of the capture, imprisonment, and escape of Morgan and his companions; stating that on the day the escape was discovered (November 28) and the following day every house and building, without exception, in Columbus was searched by his orders; that information of the escape was sent by telegraph to all parts of the State and elsewhere immediately; that a reward of $1,000 was offered for the apprehension and delivery of Morgan, and that this reward was subsequently increased to $5,000.
The Governor also informed me that he had ordered a thorough investigation of the whole matter of escape, and that it was then being prosecuted by Quartermaster-General Wright, to whom he introduced me, requesting him to give me every facility in his power for arriving at the facts in the case. This was very cheerfully done by General Wright, who accompanied me twice t the penitentiary and who permitted me to read his report as it was being made, up and when completed gave me a duplicate, which I respectfully submit herewith. *
For convenience of reference I will classify my report according to the different objects of inquiry required by my instructions.
First. The mode in which Morgan and his companions were treated while imprisoned at Columbus, Ohio:
On the 30th of July, 1863, General John H. Morgan and some thirty other rebel officers were, by and with the advice and consent of Governor Tod, transferred to the warden of the Ohio penitentiary by General Burnside. On assuming the custody of these prisoners the warden took charge of their money, jewelry, and other effects. They were then required to conform to the sanitary regulations of the prison, viz, bathe, have their hair cut, and faces shaved.
The newspapers having commented rather freely on these steps, Governor Tod heard of them and went to the prison and assured General Morgan that these seeming indignities were the inconsiderate acts of the prison officers, and were not prescribed or sanctioned by any military authority. Morgan seemed satisfied with this explanation, and treated the loss of his beard and mustache, which was the principal grievance, as simply an accident.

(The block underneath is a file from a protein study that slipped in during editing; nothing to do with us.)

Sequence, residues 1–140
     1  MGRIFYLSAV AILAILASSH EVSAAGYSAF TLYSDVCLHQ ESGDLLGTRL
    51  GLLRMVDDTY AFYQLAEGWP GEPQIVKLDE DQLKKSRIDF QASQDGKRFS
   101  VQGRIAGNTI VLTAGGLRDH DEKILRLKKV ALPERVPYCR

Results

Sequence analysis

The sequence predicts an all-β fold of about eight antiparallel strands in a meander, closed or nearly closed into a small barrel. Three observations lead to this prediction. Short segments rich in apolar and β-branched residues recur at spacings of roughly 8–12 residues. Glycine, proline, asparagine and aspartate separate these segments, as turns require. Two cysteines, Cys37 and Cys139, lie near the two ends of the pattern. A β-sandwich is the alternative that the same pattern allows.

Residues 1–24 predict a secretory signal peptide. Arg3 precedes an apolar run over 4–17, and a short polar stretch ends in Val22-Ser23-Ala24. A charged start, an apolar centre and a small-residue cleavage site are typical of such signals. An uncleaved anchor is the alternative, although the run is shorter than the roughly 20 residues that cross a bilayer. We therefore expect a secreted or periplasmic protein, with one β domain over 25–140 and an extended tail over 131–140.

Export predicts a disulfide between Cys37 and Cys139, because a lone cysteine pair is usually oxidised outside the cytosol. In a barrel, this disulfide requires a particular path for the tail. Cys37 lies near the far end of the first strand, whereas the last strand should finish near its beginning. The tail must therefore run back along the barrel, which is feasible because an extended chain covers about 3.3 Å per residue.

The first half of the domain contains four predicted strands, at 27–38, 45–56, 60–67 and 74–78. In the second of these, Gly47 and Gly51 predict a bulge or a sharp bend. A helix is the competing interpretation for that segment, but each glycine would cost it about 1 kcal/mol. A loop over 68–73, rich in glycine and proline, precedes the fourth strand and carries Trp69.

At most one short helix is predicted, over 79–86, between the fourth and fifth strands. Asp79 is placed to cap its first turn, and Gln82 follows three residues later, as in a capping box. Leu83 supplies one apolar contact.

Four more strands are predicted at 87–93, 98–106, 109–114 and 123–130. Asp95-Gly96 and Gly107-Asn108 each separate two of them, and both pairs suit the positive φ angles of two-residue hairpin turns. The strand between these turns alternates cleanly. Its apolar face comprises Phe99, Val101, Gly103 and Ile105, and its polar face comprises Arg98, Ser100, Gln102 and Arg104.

In order to keep these prisoners separate from the convicts a board partition was put up across the open space in front of the south face of the cell block in the east wing of the prison. In the daytime they were allowed to assemble in this open space or hall, 160 feet long and 11 wide, and walk, talk, &c., at pleasure.
They had two meals a day by themselves in the prison dining-hall; one between 7 and 8 a. m., the other between 3 and 4 p. m. In addition to the prison fare the United States furnished them with coffee and sugar, and after about two weeks confinement they had fresh white bread in lieu of the prison bread. Their fare was always good and sufficient, and better than the army rations. For awhile they were allowed to purchase from their own funds, through a steward, extra articles of food, but this was discontinued by an order from the commissary of prisoners.
They were allowed, and kept furnished with, one suit of outside garments and two suits of underclothing, the latter being regularly washed and ironed for them.
At night they were locked up in separate cells occupying the first and second tiers, i. e. the tier on the ground floor and the one immediately above; the number of prisoners having been increased to about seventy.
*See p. 665.